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Huntsman tweed suit: Part 2

6 September 2010


Following up on the last post in this series, on Huntsman tweed, this runs through the style of a shooting suit and being measured.

The suit shown here is three-button, but I opted for a more classic Huntsman one-button front in order to make it better for wearing casually. While I hope one day to wear the suit for shooting, I think with the five-button waistcoat underneath it will be warm enough.


What will also help is the weight of the cloth (14-ounce) and the neck closing on the jacket, which features a buttoned-back tab under the collar and facing button to secure to. This is a feature I have on a couple of my casual suits, though I normally combine it with a button under the lapel as well.

Additional buttons are found above the hip (bellows) pockets as well, so that the flaps can be buttoned back for rapid access. Other pockets include a poacher’s pocket on the inside of the jacket and four on the waistcoat – what is known as a postboy’s waistcoat. Unlike the example shown here, however, I will have no flaps on the lower pockets as they are unlikely to be used when actually shooting.



The back of the jacket will feature pleats (known also as an ‘action’ or ‘bi-swing’ back) to make it easier to raise one’s arms to shoot, and a purely decorative half belt. The sleeves will also be cut slightly larger – a ‘dirty’ sleeve – in order to help that shooting action.

The choice between plus-fours and plus-twos is largely a personal one. I went with plus-twos merely to have less material around the knee. And side straps on the waist.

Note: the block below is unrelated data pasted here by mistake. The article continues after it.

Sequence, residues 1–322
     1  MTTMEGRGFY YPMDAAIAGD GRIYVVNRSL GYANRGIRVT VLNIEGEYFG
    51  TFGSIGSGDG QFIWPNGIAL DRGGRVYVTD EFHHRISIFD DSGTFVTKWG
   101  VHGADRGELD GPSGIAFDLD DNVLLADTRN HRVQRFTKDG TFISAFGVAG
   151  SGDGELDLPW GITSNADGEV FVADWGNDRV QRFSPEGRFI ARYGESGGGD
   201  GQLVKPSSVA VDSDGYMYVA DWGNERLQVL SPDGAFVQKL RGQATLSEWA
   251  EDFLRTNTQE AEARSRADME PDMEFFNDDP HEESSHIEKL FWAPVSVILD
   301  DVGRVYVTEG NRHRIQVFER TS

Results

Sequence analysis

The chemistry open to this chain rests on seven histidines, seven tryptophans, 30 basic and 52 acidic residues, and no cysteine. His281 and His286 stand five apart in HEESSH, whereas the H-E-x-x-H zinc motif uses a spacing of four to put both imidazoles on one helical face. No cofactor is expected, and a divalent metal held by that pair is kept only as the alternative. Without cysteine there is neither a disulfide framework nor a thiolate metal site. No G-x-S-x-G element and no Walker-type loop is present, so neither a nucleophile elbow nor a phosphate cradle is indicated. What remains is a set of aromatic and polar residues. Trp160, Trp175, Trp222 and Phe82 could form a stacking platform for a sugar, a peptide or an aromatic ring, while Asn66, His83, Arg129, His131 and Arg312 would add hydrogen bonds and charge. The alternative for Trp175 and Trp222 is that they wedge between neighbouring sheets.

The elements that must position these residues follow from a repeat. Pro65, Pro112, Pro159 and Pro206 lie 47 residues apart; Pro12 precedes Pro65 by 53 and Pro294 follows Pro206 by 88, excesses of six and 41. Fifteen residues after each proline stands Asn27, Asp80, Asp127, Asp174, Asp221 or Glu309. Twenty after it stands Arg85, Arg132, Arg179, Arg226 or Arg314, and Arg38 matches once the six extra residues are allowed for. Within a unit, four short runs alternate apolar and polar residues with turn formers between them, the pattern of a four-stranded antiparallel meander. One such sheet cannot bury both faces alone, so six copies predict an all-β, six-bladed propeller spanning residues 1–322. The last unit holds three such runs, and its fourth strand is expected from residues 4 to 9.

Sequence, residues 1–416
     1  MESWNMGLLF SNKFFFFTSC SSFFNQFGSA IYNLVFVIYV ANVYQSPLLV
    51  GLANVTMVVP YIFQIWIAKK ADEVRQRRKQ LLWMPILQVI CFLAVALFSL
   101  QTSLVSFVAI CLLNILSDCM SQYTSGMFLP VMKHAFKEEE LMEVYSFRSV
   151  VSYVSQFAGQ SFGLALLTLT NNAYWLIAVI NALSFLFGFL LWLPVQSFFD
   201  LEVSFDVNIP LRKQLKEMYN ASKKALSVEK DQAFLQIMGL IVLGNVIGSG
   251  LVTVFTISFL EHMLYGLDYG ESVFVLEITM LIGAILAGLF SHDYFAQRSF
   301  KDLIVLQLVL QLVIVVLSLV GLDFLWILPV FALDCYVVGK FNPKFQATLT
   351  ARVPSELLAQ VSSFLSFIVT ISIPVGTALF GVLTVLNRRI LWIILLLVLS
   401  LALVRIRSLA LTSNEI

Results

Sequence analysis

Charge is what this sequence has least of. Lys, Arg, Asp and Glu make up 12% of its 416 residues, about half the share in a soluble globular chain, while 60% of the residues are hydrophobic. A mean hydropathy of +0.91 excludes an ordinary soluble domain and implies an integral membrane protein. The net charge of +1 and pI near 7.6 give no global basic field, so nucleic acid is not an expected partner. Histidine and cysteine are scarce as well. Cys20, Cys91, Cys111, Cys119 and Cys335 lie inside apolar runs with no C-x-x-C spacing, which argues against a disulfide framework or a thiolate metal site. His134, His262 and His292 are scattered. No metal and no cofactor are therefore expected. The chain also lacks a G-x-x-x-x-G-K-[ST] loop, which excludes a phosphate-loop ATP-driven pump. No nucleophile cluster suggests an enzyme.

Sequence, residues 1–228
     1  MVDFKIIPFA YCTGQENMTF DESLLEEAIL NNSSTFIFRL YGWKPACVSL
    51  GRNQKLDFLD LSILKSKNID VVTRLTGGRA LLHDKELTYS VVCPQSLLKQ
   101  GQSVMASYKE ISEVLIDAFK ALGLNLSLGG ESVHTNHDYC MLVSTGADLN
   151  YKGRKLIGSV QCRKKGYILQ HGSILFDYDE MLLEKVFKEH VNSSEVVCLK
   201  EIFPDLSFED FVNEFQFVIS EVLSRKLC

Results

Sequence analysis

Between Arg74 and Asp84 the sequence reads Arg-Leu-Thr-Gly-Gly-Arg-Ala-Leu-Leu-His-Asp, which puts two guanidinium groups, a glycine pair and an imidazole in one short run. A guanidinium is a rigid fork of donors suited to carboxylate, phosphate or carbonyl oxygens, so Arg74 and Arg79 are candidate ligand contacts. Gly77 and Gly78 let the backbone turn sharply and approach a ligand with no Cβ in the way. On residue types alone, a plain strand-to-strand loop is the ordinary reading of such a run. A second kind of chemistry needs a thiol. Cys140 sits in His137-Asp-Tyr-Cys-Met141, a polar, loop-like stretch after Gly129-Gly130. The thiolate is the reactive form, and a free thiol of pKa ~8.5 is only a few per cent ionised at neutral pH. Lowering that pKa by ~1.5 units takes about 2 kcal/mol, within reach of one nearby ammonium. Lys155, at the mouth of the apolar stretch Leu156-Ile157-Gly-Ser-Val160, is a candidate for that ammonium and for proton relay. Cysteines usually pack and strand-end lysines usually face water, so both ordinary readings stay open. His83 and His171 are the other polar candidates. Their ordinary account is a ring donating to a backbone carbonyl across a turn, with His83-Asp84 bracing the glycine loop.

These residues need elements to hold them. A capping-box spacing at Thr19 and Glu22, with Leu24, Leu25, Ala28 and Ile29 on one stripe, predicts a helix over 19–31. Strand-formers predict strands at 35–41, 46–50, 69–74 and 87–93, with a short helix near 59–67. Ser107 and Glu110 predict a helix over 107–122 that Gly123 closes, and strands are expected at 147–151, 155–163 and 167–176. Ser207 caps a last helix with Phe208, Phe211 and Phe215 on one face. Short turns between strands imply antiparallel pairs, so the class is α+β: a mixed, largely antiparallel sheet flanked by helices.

The plus-twos required one extra measurement in the fitting room: the top of my calf, which meant rolling my trousers up for David Ward to see them properly. All of a sudden I felt rather like a schoolboy. The long socks and flannel trousers didn’t help.

David will be cutting my suit. He has just this week joined Huntsman from Norton & Sons as a cutter. Readers with long memories will remember flattering words about David from Patrick Grant, owner of Norton & Sons, in a previous interview with Patrick on Permanent Style.


I was impressed with the exacting measurements, which were both more numerous than other tailors and involved a few little quirks. Unlike elsewhere, David kept my jacket on for the majority of the measuring (something mentioned in Richard Anderson’s fond memories of Huntsman in his recent book), used a square rule placed under my armpit to judge the size of the sleeve head, and took three photographs – front, side and back.

Interestingly, he also pinned the centre point between my shoulder blades, once found, and used that as a starting point for several measurements. The same was done for the small of my back.

Next: The cutting

Photography: Andy Barnham